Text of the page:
The Tortoise and the Hareby Betty Miles, Paul Meisel
Recounts in simple dialogue the famous tale of the race between the persevering tortoise and the boastful hare.
Children's Literature - Debra BriaticoDesigned for beginning readers, this "Ready-to-Read" book uses simple, repetitive language and colorful, witty illustrations to recount the popular tale about the race between a slow, steady turtle and a fast, boastful rabbit. This predictable story not only introduces youngsters to clever characters and a funny plot, but it also teaches a valuable lesson about perseverance.
School Library Journal - School Library JournalPreS-Gr 1Miles's introduction informs parents that "old stories" are good for new readers because of their use of familiar story lines and repetitive words. The author then uses these techniques in her retelling of this classic Aesop fable, using only dialogue, keeping the words to a minimum, and repeating certain phrases throughout. While the tale itself remains unchanged, this version has a modern bent to it, expressed primarily through the cartoon illustrations. All of the animals are dressed in colorful clothing, except for Tortoise, who wears nothing but his shell and a pair of sneakers. They all sport letters on their chests (Tortoise wears a `T,' Hare an `H,' and Bear a `B") except for Fox, who has his whole name on his shirt. These cleverly placed clues will help children remember what letter each animal's name starts with. Amusing details include Tortoise's little round glasses perched on the end of his nose and the banners that cheer on the racers. A great choice for beginning readers to tackle on their own.Dina Sherman, Brooklyn Children's Museum, NY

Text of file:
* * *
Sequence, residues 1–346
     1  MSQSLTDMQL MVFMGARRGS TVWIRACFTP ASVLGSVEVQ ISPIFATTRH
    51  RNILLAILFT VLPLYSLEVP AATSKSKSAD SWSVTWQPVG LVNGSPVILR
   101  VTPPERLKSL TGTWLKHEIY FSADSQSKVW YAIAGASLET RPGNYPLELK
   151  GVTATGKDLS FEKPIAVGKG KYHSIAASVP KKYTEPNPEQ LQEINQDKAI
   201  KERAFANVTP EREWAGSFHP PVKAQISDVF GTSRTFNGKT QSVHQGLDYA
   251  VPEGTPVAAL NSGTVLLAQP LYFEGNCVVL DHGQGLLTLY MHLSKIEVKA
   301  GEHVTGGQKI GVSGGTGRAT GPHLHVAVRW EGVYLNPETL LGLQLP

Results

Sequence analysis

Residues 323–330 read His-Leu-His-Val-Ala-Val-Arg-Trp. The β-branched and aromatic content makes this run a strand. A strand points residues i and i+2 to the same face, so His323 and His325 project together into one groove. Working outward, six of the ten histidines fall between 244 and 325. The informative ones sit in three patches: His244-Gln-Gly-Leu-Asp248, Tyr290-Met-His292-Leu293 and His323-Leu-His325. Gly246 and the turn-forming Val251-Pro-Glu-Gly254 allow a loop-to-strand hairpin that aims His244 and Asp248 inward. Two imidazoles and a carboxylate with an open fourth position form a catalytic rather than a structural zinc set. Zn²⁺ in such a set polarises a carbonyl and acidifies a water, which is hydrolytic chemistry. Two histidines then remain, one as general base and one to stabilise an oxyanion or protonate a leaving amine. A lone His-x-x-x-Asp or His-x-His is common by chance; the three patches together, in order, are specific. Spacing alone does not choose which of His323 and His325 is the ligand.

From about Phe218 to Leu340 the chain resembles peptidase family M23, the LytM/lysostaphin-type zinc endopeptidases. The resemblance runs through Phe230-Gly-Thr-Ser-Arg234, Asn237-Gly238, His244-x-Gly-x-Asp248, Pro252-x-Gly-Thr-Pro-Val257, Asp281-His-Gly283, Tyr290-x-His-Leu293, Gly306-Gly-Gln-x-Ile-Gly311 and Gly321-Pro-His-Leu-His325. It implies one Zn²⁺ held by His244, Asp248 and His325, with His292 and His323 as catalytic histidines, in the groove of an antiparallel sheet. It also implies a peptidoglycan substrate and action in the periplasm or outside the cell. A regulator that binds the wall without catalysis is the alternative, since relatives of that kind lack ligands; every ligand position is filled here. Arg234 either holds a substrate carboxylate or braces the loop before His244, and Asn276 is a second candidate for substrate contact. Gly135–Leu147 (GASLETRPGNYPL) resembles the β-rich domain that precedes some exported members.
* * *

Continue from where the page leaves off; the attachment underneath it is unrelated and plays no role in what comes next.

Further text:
Kirkus ReviewsThe well-known fable is economized in a Ready-to-Read edition from Miles (see review, above); the events of the race now take place entirely in dialogue, sometimes in a Dick-and-Jane staccato. Quotation marks and speech bubbles have been abandoned in favor of brief blocks of text placed in proximity to each animal speaker. Once the race begins, it's not long before Hare settles into a nap; a night and a day later, bespectacled, sneaker-wearing Tortoise is still plodding along, slow but steady, coaching himself"One step, another step. One step and another" until he takes first place. Meisel's whimsical, uncluttered line drawings fit the format well, bright enough to attract attention and to express action. Larger animal characters sport T-shirts with identifying lettersH for Hare, B for Bearwhile a cheering section of smaller creatures displays banners proclaiming "Yippee" and "Hooray," highlighting the tale with humor. (Picture book. 5-7)
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